Zoom Initiated 'Overweight' by Cantor Fitzgerald on 'Significant Upside Potential' Driven by Coronavirus

Cantor Fitzgerald initiates coverage of Zoom with overweight rating and a price target of $150.
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The coronavirus pandemic presents "significant upside potential" for Zoom Video Communications  (ZM) - Get Report, according to a Cantor Fitzgerald analyst who initiated coverage of the teleconferencing company with an overweight rating and a price target of $150 a share.

Shares of the San Jose-based company were climbing 4.9% to $142.61.

"We believe the current Covid-19 environment presents significant upside potential not currently assumed in the stock," analyst Drew Kootman said in a note to clients. "Zoom provides a superior communication platform in a time where video and connectivity is becoming more important for all industries and business sizes."

The coronavirus outbreak has sparked a virtual shutdown of the world's economy with many companies using Zoom to conduct online meetings to stay in operation while observing social distancing requirements. 

Kootman said he expected "the virus to provide upside to estimates and for the platform and its products to drive increased market penetration and future cross-selling opportunities."

The analyst said he estimated the impact from Covid-19 may increase revenue for the company by about $80 million on top of original guidance for fiscal year 2021 and about $250 million for fiscal year 2022 from the current consensus. 

Kootman said he also expects Zoom to continue to gain market share, doubling to 3% in fiscal year 2023, up from about 1.5% currently. "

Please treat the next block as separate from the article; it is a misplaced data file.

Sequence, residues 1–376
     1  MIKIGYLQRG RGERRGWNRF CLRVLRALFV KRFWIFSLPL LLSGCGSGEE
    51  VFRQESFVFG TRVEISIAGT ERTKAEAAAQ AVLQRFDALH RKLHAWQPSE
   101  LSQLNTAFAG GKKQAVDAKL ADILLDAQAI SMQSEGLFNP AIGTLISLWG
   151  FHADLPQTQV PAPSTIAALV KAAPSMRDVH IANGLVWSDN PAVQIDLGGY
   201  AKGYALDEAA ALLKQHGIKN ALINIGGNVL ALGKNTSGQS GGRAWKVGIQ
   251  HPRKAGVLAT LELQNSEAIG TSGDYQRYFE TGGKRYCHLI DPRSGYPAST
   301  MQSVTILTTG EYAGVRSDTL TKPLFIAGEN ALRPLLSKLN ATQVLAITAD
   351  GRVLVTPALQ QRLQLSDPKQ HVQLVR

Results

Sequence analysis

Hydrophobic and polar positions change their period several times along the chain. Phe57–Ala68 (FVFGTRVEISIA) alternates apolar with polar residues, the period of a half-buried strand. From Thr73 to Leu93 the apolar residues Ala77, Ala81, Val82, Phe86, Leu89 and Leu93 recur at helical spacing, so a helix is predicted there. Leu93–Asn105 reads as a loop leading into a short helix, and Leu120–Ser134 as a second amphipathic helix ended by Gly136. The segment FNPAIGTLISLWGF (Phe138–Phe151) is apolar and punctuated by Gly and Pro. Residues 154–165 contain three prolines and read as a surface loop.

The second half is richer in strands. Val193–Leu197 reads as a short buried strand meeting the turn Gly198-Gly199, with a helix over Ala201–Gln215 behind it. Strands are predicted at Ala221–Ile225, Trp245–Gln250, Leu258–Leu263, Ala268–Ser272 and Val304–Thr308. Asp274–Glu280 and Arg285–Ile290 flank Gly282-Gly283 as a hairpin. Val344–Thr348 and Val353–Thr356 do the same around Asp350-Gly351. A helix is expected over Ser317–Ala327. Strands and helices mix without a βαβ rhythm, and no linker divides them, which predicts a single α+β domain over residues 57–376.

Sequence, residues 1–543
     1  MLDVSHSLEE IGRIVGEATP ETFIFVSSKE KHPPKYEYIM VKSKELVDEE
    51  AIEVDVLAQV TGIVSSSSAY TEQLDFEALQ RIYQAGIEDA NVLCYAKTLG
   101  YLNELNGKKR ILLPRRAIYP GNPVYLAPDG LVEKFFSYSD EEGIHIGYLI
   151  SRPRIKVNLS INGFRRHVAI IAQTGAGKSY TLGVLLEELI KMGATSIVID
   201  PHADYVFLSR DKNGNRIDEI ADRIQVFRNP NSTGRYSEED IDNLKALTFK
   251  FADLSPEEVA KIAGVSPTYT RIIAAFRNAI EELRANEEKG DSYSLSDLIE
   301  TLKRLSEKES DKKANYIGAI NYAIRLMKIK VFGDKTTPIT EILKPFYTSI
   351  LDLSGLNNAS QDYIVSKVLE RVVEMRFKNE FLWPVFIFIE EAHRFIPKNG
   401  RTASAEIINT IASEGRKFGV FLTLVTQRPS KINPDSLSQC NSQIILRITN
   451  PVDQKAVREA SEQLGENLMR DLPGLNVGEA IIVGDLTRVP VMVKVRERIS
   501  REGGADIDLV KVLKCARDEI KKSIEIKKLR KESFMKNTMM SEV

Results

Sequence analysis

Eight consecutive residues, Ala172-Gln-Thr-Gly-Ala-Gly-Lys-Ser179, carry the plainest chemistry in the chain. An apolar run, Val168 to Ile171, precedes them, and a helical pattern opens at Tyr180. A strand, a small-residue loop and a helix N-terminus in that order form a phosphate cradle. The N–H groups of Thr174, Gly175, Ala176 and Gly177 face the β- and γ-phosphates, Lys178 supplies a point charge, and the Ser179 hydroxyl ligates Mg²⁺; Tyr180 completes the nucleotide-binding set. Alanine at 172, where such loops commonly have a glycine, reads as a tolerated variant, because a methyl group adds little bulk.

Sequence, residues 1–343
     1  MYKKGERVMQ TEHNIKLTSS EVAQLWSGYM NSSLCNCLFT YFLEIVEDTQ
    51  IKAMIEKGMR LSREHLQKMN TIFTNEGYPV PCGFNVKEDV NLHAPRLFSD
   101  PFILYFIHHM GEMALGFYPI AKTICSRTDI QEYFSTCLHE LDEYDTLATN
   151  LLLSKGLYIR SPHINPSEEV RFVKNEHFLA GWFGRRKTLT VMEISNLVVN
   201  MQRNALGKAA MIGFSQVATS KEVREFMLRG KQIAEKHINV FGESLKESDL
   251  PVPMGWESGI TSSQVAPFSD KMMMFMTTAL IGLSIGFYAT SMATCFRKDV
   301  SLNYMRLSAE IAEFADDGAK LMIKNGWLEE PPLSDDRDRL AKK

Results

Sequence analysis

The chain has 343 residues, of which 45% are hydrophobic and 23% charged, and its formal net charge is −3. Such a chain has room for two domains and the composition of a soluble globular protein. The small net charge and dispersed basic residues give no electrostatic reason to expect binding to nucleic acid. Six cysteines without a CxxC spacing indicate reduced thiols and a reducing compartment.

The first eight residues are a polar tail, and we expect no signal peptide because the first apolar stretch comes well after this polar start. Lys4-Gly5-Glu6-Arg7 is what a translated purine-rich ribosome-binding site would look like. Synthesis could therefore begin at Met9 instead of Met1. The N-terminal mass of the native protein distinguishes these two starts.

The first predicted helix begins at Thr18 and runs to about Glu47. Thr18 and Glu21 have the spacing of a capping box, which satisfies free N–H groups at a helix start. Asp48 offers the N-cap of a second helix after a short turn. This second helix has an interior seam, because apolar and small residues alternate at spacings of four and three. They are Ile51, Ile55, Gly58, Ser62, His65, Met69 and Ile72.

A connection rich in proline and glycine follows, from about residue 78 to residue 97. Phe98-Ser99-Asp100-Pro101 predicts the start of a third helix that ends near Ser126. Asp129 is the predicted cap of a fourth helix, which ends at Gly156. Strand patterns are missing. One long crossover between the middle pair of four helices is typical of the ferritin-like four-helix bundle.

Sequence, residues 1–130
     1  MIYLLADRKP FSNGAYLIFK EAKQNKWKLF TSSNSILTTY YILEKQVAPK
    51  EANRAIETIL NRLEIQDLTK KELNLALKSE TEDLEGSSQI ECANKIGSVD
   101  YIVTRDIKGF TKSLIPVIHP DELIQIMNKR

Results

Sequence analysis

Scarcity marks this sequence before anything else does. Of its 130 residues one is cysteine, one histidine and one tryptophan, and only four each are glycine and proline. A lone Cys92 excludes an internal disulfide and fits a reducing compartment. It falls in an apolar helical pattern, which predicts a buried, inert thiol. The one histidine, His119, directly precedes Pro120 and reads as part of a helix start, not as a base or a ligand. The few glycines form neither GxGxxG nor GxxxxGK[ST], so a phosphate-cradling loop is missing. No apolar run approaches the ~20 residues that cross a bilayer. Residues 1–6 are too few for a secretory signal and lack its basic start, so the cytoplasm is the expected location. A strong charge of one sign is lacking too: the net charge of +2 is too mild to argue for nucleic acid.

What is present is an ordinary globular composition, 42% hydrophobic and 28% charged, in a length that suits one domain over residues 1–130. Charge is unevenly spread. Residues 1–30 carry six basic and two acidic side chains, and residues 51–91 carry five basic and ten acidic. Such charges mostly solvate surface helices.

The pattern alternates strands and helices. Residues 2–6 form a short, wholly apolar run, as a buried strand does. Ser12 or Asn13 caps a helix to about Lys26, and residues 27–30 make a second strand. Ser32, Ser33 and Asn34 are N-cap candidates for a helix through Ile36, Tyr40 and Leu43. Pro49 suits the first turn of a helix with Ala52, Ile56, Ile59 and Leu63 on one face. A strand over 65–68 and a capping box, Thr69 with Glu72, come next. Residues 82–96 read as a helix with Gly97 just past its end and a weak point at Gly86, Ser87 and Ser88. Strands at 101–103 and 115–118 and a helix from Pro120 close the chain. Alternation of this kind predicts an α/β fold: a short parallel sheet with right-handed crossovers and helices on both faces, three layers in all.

"We expect paid customers to continue to increase due to new customer acquisition and converted free users," Kootman said. "Zoom’s expanding product set allows for plenty of cross-sell opportunities, leading to additional revenue per customer."

The analyst said that Zoom Phone and Zoom Rooms are among the "key new products with significant market penetration opportunity."

Zoom has sparked concerns about privacy and so-called Zoombombing, a form of trolling where a participant uses Zoom's screensharing feature to interrupt and disrupt meetings or classes.

Last week, U.S. senators were advised not to use the platform. Alphabet parent Google  (GOOGL) - Get Report which has a competing service, also banned the use of Zoom on its corporate computers, though employees can still use it on their personal devices.

Zoom was also banned by the New York City Department of Education over privacy concerns.

Zoom Founder and CEO Eric Yuan recently laid out a 90-day plan to address the company's security challenges.